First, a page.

However, overall men are still more likely to be entrepreneurs (10.4 per cent of men compared to just 5.5 per cent of women). Dr Karen Bonner, senior researcher at Aston Business School, said: ?On the one hand, we could point to different societal expectations, with women still taking on the bulk of unpaid caring roles and entrepreneurship still stereotyped as a ?male? career choice in our wider culture. ?When asked why they started their business women are significantly more likely to cite ?greater flexibility for my personal and family life? and the desire for ?freedom to adapt my own approach to work? than men. ?But despite these differences, and controlling for other factors like sector, age and startup capital, both men and women display similar levels of ambition when it comes to growing their businesses.?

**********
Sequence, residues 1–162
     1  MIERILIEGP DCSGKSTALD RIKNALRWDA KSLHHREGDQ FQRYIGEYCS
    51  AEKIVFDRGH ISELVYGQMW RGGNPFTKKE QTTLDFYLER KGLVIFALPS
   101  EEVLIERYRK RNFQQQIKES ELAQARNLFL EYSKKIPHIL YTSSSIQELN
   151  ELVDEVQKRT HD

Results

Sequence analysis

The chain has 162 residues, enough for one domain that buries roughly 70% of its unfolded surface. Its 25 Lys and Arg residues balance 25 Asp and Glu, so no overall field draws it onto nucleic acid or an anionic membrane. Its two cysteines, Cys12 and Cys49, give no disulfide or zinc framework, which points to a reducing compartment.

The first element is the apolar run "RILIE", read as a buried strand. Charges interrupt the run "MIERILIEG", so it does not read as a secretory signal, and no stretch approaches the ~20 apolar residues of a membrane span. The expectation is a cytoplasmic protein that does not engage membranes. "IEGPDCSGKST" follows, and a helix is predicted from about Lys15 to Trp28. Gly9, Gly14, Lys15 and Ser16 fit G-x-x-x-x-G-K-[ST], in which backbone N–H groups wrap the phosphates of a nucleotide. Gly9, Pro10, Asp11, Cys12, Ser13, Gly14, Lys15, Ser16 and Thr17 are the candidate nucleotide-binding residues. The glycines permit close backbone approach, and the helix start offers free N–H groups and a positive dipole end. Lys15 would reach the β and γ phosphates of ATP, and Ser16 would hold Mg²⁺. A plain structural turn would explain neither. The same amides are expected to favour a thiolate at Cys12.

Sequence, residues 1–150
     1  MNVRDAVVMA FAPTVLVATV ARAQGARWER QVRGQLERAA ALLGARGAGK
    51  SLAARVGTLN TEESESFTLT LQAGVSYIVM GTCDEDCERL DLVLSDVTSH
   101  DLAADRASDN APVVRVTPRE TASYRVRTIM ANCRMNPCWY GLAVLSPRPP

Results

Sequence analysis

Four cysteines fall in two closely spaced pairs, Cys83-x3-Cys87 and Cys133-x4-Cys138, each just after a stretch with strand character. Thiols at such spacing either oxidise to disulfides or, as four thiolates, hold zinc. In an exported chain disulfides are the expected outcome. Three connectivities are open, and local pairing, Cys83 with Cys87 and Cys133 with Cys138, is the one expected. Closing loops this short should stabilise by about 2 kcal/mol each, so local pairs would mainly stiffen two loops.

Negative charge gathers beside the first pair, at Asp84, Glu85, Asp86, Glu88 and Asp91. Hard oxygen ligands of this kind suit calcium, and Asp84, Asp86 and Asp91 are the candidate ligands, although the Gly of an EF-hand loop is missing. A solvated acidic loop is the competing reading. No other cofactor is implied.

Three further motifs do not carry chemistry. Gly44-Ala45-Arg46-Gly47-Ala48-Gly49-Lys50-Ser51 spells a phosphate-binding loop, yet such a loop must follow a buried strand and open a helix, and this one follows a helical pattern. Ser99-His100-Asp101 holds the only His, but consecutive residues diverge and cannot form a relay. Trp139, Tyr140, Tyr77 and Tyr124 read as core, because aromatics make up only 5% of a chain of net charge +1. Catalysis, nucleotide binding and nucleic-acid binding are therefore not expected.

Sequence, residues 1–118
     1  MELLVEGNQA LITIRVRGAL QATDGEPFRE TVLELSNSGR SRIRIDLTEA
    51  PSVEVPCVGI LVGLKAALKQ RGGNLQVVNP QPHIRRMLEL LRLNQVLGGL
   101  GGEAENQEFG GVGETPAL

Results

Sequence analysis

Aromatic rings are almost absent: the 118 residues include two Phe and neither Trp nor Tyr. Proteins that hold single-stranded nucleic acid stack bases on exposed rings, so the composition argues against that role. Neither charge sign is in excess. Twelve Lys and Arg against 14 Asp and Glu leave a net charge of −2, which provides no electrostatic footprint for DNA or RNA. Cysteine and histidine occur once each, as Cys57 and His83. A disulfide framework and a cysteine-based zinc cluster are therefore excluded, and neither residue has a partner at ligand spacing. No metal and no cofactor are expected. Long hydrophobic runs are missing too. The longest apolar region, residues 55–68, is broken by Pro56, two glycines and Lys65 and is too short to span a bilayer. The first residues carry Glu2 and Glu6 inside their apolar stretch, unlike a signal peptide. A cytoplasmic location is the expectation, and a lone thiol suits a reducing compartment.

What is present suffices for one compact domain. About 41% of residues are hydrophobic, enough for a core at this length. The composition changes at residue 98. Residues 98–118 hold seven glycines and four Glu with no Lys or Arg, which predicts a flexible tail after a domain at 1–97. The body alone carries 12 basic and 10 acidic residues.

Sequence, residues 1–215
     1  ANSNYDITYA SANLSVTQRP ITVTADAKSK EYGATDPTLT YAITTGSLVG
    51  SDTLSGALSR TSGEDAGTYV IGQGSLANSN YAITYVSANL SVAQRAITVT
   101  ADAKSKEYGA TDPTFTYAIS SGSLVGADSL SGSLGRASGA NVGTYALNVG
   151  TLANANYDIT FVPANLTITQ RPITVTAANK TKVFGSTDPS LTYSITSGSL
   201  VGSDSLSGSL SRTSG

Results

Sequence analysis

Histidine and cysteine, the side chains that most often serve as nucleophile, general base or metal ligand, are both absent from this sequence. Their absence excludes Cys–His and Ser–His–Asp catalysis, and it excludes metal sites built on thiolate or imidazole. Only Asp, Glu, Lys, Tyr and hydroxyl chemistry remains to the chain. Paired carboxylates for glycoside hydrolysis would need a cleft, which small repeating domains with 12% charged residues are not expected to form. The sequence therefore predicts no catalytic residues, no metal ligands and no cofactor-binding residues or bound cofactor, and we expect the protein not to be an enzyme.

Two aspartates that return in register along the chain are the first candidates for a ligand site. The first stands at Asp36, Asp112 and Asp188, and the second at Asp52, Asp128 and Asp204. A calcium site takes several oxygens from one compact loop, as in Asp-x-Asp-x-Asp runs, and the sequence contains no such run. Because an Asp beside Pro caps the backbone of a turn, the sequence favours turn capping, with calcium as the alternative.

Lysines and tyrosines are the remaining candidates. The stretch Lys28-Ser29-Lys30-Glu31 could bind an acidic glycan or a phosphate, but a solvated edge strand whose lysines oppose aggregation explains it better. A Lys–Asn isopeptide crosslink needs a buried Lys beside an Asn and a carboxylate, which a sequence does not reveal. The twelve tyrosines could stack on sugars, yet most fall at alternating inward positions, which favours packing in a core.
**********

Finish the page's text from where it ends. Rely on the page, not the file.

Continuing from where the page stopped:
The research also found that there are large disparities between different parts of the country. For example, seven per cent of women in the South East would describe themselves as early-stage entrepreneurs, but under three per cent in the North East would say the same. The West Midlands came close to gender parity with 74 female entrepreneurs for every 100 males.
These regional differences could be to do with different opportunities in these areas for scaling up businesses, such as the presence of a higher number of graduates. Mark Hart, professor of Small Business and Entrepreneurship at Aston Business School, explained: “We know from previous GEM research that mobile individuals, who also tend to be university graduates, are more likely to become entrepreneurs. ?This appears to fit with the experience in these regions and the growth of places like Birmingham and Leicester as thriving diverse and dynamic cities providing many opportunities for new venture creation.?
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